I sincerely enjoy and relish the sight of empty coffee canisters and roasters and pressers and whatnot greeting me after a draining day at school. Liz and I tirelessly searched high and low for the place, and were immensely grateful at the first sight of a gleaming black sign plastered on a glass window, the outside neatly littered with a couple of quaint, white, wooden chairs and tables. They had the pseudo-Alice-in-Wonderland thing going on. Extraordinarily tiny area, though.
I guess you could say there is a reason why this iced mocha is cheaper than those other crazy $8 ones you would get at the more pretentious titles around town. This one was around the length of that between my wrist and knuckles. It came with glorious streaks, a pool of rich chocolate stuck to the bottom. What I enjoyed about this iced mocha in particular is firstly, the quality of the coffee beans used. The aroma is simple; not nutty or exotic but perfect for this sort of milk-based, sweet and whimsical drink. Secondly, it was not overly sweet, drenched excessively in cheap chocolate syrup and then quickly covered up with cold whole milk to make visually appealing to the masses. No, this one is a delicate, miniature mocha. I would have perhaps preferred it a little colder, and with espresso cubes instead of the normal ones, though of course I now sound like a spoilt little coffee brat, don’t I. Keep it up, Oz. I like you already.
And I promise you it’s worth every cent. I guess you could go somewhere such as Assembly Coffee or Stranger’s Reunion for your waffle fix, though it’s most likely frustratingly crowded and you might have to force open the door to get a little fresh air amongst the clatter and chatter. This was an utterly, outrageously delectable change. They have a whole darn Belgian Liege series, for goodness’ sake, and you get two beautiful little Belgian babies in less than 15 minutes with a appropriately-sized scoop of above-average vanilla ice cream. Belgian Liege waffles are essentially the brioche of waffles– thick and sensual, thicker and chewier. You can’t not have these. Can’t. I mean, you can see the vanilla speckles, right? I wouldn’t say it’s as devilish and heat-tolerant as the ice cream at Habitat’s, which really was an unexpected dream. The ice cream here melted in heart-stopping time, and we were sitting indoors. They also offer options such as waffles with summer berries or with scrambled eggs and bacon, if you’re more of a savoury soul. The next time I pop by, I’m going to give their affogato version a try. Drizzle of espresso over thick, moist, slightly sweet and chewy 4-inch waffles. I saw pictures, ok. The dream is alive, just a few bus stops away.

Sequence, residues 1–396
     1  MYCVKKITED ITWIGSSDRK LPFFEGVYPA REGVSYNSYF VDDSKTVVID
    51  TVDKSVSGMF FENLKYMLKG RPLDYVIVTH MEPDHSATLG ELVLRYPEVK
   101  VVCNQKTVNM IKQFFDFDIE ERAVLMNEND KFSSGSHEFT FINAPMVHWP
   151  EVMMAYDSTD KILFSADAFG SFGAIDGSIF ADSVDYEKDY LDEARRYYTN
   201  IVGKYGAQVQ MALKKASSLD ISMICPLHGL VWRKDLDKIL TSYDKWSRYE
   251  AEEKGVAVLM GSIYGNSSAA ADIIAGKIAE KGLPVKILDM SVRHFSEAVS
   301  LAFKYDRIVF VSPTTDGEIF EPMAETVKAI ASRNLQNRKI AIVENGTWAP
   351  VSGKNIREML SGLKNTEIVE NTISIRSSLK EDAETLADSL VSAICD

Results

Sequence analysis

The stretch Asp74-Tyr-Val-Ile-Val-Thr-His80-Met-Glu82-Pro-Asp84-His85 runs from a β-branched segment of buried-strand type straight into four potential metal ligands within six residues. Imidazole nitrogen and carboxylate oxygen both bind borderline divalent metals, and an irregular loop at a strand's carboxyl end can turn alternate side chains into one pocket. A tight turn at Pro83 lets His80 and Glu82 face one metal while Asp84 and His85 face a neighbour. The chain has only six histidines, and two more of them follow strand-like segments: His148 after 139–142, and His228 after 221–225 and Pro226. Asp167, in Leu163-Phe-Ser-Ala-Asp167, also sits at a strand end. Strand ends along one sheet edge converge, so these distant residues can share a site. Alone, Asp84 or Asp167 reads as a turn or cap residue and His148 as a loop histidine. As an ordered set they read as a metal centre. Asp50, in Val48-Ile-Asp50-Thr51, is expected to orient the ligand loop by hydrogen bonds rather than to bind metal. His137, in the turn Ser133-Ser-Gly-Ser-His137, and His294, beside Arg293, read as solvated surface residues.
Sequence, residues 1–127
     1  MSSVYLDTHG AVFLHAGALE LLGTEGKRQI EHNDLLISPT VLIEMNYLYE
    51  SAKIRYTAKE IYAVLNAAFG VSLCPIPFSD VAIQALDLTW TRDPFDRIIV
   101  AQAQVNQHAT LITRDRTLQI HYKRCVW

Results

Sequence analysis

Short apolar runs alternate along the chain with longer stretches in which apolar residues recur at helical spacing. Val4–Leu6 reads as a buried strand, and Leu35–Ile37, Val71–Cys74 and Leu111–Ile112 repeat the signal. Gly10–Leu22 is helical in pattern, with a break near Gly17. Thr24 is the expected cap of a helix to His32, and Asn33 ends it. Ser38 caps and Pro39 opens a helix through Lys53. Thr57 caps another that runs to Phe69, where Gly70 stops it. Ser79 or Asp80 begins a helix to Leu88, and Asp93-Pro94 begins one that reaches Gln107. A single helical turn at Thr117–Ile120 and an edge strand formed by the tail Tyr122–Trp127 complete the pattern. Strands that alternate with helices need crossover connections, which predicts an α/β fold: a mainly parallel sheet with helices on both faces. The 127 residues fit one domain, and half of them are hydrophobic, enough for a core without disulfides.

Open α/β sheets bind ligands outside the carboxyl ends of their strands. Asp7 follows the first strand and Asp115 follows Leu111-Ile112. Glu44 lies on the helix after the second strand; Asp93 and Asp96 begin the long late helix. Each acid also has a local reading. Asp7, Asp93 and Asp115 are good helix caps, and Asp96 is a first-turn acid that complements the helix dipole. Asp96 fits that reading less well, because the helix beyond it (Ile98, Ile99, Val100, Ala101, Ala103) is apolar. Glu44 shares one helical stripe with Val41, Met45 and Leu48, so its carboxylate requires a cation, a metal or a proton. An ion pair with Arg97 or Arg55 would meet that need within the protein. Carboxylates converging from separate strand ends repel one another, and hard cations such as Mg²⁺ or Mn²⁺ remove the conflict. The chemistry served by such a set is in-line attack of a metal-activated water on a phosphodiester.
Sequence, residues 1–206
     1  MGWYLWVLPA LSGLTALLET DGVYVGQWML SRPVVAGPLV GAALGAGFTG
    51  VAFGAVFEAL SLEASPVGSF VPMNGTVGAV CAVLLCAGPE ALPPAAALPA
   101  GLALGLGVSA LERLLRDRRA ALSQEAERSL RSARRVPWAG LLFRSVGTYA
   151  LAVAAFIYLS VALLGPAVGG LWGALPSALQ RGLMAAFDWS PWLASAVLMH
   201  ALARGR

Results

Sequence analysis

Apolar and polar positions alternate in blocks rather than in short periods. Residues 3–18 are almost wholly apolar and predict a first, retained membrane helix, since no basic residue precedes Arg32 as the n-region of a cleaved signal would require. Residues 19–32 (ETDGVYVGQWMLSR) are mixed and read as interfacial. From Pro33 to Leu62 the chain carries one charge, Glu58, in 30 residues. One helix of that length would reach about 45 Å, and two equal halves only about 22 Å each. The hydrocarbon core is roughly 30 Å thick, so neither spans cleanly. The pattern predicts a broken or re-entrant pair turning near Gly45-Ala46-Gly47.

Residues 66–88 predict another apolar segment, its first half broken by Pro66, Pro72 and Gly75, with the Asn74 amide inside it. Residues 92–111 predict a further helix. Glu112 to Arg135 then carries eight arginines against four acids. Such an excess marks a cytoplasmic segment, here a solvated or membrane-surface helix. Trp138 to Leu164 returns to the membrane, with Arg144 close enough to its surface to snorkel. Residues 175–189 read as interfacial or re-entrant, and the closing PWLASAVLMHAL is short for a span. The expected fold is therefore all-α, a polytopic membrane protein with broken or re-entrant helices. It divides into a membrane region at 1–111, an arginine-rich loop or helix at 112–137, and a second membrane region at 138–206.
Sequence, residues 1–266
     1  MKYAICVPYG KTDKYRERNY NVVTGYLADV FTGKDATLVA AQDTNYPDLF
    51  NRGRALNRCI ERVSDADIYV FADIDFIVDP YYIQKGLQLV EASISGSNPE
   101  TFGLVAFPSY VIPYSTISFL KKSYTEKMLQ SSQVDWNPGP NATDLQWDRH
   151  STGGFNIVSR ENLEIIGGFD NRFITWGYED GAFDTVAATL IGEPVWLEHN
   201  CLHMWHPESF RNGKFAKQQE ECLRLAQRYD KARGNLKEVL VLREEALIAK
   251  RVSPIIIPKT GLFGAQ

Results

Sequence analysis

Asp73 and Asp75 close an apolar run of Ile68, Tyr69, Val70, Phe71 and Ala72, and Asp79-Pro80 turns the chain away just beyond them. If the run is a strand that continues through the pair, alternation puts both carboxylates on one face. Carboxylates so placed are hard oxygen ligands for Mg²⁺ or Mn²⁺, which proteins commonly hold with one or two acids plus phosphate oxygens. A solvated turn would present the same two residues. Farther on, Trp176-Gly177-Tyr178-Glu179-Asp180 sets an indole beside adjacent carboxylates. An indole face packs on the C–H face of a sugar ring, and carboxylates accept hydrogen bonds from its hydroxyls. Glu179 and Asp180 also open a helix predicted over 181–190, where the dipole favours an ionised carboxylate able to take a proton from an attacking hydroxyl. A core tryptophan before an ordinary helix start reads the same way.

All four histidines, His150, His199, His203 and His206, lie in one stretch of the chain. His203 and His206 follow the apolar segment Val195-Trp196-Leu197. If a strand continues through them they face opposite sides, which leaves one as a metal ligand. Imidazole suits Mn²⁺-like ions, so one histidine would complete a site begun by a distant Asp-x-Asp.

Each bite was satisfying and yet not overly indulgent. The portion size is perfect, the flavours meld together beautifully. But watch out. They said salted caramel, but sadly that wasn’t what I got. One may detect traces of salt in the thick sauce, however it’s not as prominent or outstanding as what you would probably get at say, Assembly Coffee. They need to turn up the salt notch and use more authentic salted caramel, for although this was thick and lovingly true to my childhood idea of the BEST caramel sauce ever, it rendered a less sophisticated vibe with its gloopy sweetness.
Best bit: Crisp exterior and dense, mildly sweet, true-to-brioche interior.
We gave in. Ordered this.
This expensive slice has a moist and dark base, with a creamy, lightly aerated interior, though I still prefer a more buttery, tangy and coronary heart disease-inducing white filling. It’s on the sweeter side, which made it enjoyable but nothing special. That being said, I liked how it wasn’t too muggy whilst still retaining a good level of indulgence within that whipped and cheesy body. The top is raspberry jam, which yielded a sweet and tart finish.
Oz Specialty Coffee
#01-13, Thomson V Two, 11 Sin Ming Road